Gay Candidate May Help Mass. GOP End Losing Streak

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Former Republican Massachusetts state Sen. Richard Tisei announces his run for the 6th Congressional District seat held by John Tierney on Jan. 23 in Wakefield, Mass. i i

Former Republican Massachusetts state Sen. Richard Tisei announces his run for the 6th Congressional District seat held by John Tierney on Jan. 23 in Wakefield, Mass. Elise Amendola/AP hide caption

itoggle caption Elise Amendola/AP
Former Republican Massachusetts state Sen. Richard Tisei announces his run for the 6th Congressional District seat held by John Tierney on Jan. 23 in Wakefield, Mass.

Former Republican Massachusetts state Sen. Richard Tisei announces his run for the 6th Congressional District seat held by John Tierney on Jan. 23 in Wakefield, Mass.

Elise Amendola/AP

Republicans in Massachusetts have lost the past 92 U.S. House races. That's a staggering number — the worst GOP drought in the country.

But analysts say this year the party might have a man who could snap that losing streak. He is vying for a seat in the Massachusetts 6th Congressional District, just north of Boston.

In many ways, Richard Tisei is a quintessential New England politician. He even sports the classic side-part hairstyle with a bit of that Kennedy swoosh. Old ladies tell him he's handsome. He's a veteran state senator and a local boy.

But he's also a gay, pro-abortion rights Republican.

Tisei skips the pizza at a recent event showcasing food from local restaurants, and instead goes for the more refined fig-and-brie toast.

A guy who went to high school with Tisei's sister comes over to say hi.

"I actually remember when you were the lone young Republican," he says.

"I'm still the lone one, but I was young at that point," Tisei replies.

Tisei has no problem cracking jokes about the elephant in the room while he works the room. But he also takes pride in voting the right way, not necessarily the party's way.

In fact, when the Massachusetts GOP platform endorsed "traditional marriage," Tisei boycotted the convention.

"My philosophy is that the government should get off your back, out of your wallet, away from the bedroom, and that's what the overwhelming number of people in this region and state feel," he said.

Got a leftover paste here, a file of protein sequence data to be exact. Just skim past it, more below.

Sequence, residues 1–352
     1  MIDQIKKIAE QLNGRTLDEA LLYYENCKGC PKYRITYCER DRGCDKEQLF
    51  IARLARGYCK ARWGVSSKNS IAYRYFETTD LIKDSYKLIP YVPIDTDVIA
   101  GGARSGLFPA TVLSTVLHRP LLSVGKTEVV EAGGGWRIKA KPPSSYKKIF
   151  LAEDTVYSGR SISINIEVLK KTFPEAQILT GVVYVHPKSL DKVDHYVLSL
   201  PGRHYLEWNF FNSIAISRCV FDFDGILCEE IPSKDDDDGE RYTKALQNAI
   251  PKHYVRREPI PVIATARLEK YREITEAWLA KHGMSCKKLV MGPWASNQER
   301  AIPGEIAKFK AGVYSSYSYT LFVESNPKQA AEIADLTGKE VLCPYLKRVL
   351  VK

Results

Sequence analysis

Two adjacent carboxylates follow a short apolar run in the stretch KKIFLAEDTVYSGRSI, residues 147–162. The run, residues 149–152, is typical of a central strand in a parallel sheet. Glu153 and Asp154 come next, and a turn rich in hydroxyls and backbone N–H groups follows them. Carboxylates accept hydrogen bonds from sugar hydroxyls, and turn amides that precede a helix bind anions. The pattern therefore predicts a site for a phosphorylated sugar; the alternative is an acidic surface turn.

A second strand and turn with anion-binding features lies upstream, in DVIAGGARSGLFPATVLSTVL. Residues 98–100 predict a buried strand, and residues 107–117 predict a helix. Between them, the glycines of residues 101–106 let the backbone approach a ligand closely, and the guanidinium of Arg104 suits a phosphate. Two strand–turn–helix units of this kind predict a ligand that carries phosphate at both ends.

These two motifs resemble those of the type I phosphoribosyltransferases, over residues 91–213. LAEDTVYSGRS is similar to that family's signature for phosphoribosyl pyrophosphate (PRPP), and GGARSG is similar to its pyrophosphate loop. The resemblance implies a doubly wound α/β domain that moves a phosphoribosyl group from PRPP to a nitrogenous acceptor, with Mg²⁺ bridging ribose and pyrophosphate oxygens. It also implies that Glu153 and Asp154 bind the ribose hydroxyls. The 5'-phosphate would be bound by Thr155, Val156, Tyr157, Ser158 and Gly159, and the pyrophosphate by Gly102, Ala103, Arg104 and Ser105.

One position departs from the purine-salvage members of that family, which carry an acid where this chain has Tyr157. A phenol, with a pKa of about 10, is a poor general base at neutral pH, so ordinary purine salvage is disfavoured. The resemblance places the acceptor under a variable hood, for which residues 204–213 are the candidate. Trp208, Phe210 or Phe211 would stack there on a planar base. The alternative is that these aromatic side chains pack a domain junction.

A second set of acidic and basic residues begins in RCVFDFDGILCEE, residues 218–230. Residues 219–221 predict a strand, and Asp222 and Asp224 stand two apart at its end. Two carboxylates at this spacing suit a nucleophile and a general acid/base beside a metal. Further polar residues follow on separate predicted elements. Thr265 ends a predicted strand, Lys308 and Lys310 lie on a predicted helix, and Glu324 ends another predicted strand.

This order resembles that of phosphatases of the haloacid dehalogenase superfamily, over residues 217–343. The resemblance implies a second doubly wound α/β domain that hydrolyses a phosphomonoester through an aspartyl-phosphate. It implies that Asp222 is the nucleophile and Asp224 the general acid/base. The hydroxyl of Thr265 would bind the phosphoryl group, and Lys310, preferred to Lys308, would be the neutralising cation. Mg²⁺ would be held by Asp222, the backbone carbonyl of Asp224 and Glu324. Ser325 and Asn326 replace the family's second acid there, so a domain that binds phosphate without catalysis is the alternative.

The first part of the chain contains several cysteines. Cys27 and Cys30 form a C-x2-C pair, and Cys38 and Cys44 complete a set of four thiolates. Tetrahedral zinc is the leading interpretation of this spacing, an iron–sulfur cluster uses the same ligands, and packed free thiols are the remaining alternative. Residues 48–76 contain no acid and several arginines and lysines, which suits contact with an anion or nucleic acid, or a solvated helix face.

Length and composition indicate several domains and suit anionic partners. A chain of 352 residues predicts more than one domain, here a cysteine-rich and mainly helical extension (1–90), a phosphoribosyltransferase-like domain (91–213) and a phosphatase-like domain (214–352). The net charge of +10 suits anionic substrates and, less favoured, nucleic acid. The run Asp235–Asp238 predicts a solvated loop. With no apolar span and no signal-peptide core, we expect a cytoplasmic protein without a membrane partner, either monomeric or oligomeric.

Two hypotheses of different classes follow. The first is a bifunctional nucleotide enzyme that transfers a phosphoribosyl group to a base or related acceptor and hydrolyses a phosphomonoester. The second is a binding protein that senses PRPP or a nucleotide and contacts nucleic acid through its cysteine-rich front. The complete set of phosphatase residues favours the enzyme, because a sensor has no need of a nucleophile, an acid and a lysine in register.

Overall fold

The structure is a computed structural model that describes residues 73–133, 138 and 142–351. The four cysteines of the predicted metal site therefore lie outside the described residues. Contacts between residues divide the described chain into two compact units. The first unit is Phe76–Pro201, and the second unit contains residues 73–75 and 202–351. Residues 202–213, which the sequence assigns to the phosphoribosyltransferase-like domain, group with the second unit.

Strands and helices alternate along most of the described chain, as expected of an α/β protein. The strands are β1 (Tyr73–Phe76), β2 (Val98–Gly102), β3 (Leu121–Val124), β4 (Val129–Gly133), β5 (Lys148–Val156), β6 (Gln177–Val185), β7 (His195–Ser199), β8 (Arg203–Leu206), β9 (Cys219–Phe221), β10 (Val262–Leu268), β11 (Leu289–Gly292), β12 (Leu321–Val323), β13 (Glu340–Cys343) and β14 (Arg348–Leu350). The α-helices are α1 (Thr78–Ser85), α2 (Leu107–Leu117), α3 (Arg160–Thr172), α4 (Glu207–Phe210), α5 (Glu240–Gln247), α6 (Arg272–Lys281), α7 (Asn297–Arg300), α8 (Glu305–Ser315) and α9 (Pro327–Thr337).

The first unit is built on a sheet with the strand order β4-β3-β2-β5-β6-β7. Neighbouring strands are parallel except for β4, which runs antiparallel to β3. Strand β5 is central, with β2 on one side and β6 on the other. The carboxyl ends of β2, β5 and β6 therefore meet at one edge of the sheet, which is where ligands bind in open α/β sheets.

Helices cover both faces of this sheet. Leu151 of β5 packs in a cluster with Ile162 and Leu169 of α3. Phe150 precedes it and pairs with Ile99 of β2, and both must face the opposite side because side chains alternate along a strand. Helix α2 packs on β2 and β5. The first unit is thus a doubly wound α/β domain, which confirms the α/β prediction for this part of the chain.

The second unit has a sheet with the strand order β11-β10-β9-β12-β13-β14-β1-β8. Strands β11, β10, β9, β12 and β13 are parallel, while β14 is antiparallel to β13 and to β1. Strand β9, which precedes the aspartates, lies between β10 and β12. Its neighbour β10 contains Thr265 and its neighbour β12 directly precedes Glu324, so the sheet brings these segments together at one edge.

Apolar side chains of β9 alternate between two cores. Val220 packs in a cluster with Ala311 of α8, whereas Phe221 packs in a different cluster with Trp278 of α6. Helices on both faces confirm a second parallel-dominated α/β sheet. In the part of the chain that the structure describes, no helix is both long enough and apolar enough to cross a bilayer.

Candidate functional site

It's a message that resonates in this fiercely independent district — where 58 percent of voters have no party affiliation.

In fact, it even impresses some folks across the aisle, like Jack Russell.

"I'm normally a Democrat, but I'm voting the man in this case. If he swings too far to the right, I'm going to have to leave him, but right now I don't think he is," Russell says.

Tisei walks over to shake hands with another man.

"Sorry, I'm a Democrat," Donald Green says.

"That's OK. Gotta have a few around. A doctor, though — how are you dealing with all the changes in health care?" Tisei says.

Tisei is campaigning against Obamacare, and that rubs Green the wrong way. He says there's no way he'll vote for Tisei.

"I think diluting out the progressive power in the House of Representatives is not a good idea," Green says.

Massachusetts runs deep, deep blue. Tisei is trying to beat a man who's had the job for 17 years. He ran for this same seat in 2012 and lost by just 1 percent.

This time, he's challenging a battered incumbent who is also facing a primary opponent.

"I think the question is, if not here and now, then where and when in Massachusetts," says Steve Koczela, an analyst with MassInc Polling Group.

Koczela says registered Democrats outnumber registered Republicans across the state, but that margin is smallest in the 6th District.

"There's the most favorable district in sort of a Democratic down year, and you've got a candidate who's about as nonideological as you're going to find in Richard Tisei," he says.

If Tisei can't win, Koczela says, he's left wondering how many more years it will take for the Massachusetts GOP to send a member to the U.S. House.

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